by Nick Stockton, Wired
Hwang Woo-Suk is the bad boy of genetics. He’s most famous for falsely claiming to have cloned human stem cells. This is, you can imagine, very bad in science. Yet last week, the South Korean researcher was in Siberia, drilling cells from the bones of a 28,000 year-old frozen wooly mammoth. The bones are the only place Hwang is going to find the DNA he needs to bring a mammoth back to life.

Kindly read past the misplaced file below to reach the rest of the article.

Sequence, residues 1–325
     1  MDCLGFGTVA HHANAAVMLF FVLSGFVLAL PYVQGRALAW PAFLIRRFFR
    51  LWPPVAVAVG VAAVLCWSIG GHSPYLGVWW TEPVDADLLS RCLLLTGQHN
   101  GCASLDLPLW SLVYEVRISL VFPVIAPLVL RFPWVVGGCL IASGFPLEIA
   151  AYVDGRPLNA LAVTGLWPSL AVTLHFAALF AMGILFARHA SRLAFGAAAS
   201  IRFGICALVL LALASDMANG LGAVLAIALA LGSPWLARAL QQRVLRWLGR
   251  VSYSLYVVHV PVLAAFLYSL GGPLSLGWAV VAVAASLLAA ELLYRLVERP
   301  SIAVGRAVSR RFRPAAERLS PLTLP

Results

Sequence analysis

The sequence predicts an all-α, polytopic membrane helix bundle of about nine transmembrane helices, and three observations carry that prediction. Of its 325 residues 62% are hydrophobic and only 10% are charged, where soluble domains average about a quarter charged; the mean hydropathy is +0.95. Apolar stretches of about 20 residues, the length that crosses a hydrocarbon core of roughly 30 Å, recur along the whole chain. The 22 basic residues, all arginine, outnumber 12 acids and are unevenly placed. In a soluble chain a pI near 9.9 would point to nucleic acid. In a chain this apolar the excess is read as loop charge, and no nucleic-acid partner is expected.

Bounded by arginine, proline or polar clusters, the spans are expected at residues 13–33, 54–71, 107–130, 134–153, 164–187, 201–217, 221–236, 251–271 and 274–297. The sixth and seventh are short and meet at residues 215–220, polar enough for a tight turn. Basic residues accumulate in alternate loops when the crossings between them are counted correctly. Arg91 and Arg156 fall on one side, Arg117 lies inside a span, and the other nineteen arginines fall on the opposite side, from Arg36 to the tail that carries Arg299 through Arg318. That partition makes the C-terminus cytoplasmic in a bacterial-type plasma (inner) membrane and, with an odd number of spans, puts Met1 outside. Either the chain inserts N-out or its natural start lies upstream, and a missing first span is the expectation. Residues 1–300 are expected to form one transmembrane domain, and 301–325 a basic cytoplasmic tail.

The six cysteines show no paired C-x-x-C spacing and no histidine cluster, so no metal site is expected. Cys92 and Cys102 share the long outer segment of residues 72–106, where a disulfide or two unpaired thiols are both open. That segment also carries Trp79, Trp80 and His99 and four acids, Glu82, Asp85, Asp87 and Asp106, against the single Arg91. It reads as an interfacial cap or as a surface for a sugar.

Hwang’s plan is probably doomed. Not because it’s impossible—plenty of the world’s best biologists are convinced that cloning a mammoth is just a matter of putting the right minds to work with the right technologies. Even most critics are more concerned with “should we” than “could we” at this point. The problem with Hwang’s particular approach is it requires an intact strand of mammoth DNA. And every single strand of DNA in every single frozen mammoth carcass was almost certainly wrecked thousands of years ago by waves of cosmic radiation. Read the entire story.